I have bought a domain which should only be used for email addresses. The SMTP server has the name mail.mydomain.com. When checking the domain configuration using some web service like mxtoolbox.com, it complains that the website mydomain.com is not available. Is it really necessary to have a website if using a domain for mails only? If it is not necessary, could mails be rejected by recipients as spam if I do not have a working website in place? I.e. is it recommended to have a website? Is there a standard (like RFC) where this topic is discussed?
No. You don't need a website for an email address and having one does very little if anything for your (email sending) reputation - certainly email won't be rejected just because you don't have a website.
The only thing I can think of that might be a bit relevant (again not very important at all) - if you dont have an MX record set, a mail server is supposed to fallback to trying to deliver email to the A record (i.e. a DNS entry that is now more commonly associated with websites). Again, this is little more than a relic of the early days of the net and not generally important.
The only requirement for an email server is to be reachable. In that sense the domain must be hosted somewhere, and there are only two options: Your computer email server or a web hosting service. In that respect, your own website is not strictly necessary.
It seems that in your case the vendor of your domain name does this service for you, by hosting your domain and supplying the required DNS records and services.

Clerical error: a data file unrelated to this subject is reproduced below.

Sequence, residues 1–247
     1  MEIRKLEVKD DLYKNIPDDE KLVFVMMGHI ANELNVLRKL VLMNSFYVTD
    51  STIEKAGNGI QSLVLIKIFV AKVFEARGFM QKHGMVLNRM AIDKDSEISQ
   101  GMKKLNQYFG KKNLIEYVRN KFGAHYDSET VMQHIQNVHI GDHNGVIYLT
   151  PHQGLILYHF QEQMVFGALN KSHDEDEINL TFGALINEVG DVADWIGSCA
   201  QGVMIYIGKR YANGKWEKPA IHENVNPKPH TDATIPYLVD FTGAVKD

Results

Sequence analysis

In that respect, you may ignore the warning messages from
as long as your mail is functioning.
You should instead verify your email server by one of the free Email Checkers found on the internet. There are multiple authentication standards that your email server must obey if you wish your emails not to be branded as spam. For example DMARC. It is important that your email hosting service support all of them.
As the others have pointed out, it is not technically neccessary to have a proper website attached to it.
However, some mail providers (like the German Telekom) may sort your mail into spam or outright reject it if they do not find something resembling an imprint or a link to one on your main domain. (Source, in German: https://postmaster.t-online.de/#t3.2)
You do not need a webhosting attached to the domain, as the MX record can point to any mail provider by itself.
If the mail is hosted on the same server that normally the website would be hosted too, it is likely not possible to get a certificate running, and thus, you lack SSL/TLS support. With increasing blocking of insecure mail traffic, that is the only thing that could become an issue.
But again, its not mandatory to run email.
That said, although mxtoolbox in the name implies it is for email, mxtoolbox does far more. Its likely that you did a DNS check and that it complained about an A record, not the MX record.
Then again, many webhosting providers offer both mail and webspace. The mail is then stored on the webspace, and you can even choose to not make the domain point to the website, turning it into a mail-only solution. But technically, that is still a webhosting.
So if you really only have a domain, but no space behind it, you cannot expect mail to be working. You need a mailserver, either from a dedicated email hosting service or by getting webspace.